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SoftBank unit’s sale to founder’s brother raises governance concerns

SoftBank’s decision to sell its Korea-based venture capital arm to a company recently founded by the brother of its chief executive Masayoshi Son has drawn criticism from analysts over governance standards at the tech conglomerate.

The Japanese group has denied any conflict of interest over the deal, but sellside analysts and governance experts have taken issue with the fact that the latest sale, despite its small size, is just one of several transactions at SoftBank involving its founder and his family.

On Wednesday, the Japanese group said The Edgeof, a company established last month by entrepreneur Taizo Son, would buy SoftBank Ventures Asia for an undisclosed sum.

The fully owned subsidiary manages about $2bn in assets and has invested in more than 300 companies since it was founded in 2000 as SoftBank Ventures Korea.

“I believe that The Edgeof, run by leaders with extensive knowledge and excellent track records in start-up investment, will further strengthen the ecosystem for tech start-ups,” Yoshimitsu Goto, SoftBank’s chief financial officer, said in a statement.

The venture capital arm made several early investments that later attracted the participation of SoftBank’s much larger Vision Fund, as in the cases of South Korean ecommerce group Coupang and Indonesian rival Tokopedia.

Similar to the Vision Fund, SoftBank Ventures Asia suffered losses after the global tech rout hurt the valuation of early-stage start-ups in which it invested.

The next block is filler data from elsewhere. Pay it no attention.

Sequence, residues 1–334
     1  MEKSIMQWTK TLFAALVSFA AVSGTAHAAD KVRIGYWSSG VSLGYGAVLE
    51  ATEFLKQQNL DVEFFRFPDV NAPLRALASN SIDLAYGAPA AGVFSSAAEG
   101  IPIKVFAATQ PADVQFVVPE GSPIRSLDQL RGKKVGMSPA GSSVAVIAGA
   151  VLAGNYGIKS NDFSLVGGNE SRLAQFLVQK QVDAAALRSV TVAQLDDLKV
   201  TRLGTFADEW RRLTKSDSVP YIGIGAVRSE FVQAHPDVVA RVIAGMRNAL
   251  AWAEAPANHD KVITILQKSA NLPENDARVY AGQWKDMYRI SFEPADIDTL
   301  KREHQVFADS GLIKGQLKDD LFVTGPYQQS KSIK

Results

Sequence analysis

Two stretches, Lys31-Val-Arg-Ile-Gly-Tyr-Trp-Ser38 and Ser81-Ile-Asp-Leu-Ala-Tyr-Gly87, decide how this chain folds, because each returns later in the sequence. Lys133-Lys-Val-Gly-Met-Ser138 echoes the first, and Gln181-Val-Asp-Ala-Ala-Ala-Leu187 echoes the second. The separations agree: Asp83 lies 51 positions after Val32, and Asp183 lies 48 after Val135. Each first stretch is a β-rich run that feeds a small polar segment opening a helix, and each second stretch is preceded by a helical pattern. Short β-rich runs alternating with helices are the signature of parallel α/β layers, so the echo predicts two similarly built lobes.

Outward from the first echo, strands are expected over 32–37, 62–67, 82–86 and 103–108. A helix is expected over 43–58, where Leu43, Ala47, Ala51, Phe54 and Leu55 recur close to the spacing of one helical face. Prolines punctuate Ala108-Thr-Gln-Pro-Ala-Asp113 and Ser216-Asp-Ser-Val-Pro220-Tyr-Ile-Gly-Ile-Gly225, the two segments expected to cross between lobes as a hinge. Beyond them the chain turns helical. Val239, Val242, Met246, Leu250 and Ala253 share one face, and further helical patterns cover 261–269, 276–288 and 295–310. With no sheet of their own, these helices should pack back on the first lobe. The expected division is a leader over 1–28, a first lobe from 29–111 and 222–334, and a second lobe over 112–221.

SoftBank said to avoid any governance issues, Masayoshi Son did not participate in the deal’s approval process.

“The transaction was executed after full and due scrutiny and consideration of the terms in accordance with internal governance rules when an actual or perceived conflict of interest exists, and received the approval of the Board of Directors,” it said.

Nicholas Benes, a corporate governance expert, said the process SoftBank underwent meant “technically” there was no conflict of interest issue.

“But there is an ‘optics’ problem,” he said. “Even if it is a small deal . . . Mr Son’s shadow was in the background even if he wasn’t physically in the room.”

Another longtime SoftBank analyst based in Tokyo said it was not the first time a family-related transaction raised governance concerns: “[Masayoshi Son] has done this before. At least, this deal is not material in any sense to SoftBank.”

In the past, SoftBank also invested heavily in GungHo, a start-up founded by Taizo Son that produced the world’s first mobile game to generate more than $1bn in revenue.

The brother then founded the venture capital firm Mistletoe, with initial ambitions to encourage a more vibrant start-up culture in Tokyo. He later moved the main base of operations to Singapore, arguing that the pace of innovation was quicker.

Masayoshi Son’s personal ties to SoftBank’s Vision Fund and other investment vehicles have also raised eyebrows among investors. The 65-year-old owed SoftBank more than $5bn at the end of last year after the group fronted its founder the money to invest in its technology-related funds.

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